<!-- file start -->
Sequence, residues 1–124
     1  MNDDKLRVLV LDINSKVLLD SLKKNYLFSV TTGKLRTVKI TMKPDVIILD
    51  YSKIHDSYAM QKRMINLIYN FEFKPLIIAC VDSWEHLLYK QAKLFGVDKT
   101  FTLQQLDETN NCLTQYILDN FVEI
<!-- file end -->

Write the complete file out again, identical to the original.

Sequence, residues 1–124
     1  MNDDKLRVLV LDINSKVLLD SLKKNYLFSV TTGKLRTVKI TMKPDVIILD
    51  YSKIHDSYAM QKRMINLIYN FEFKPLIIAC VDSWEHLLYK QAKLFGVDKT
   101  FTLQQLDETN NCLTQYILDN FVEI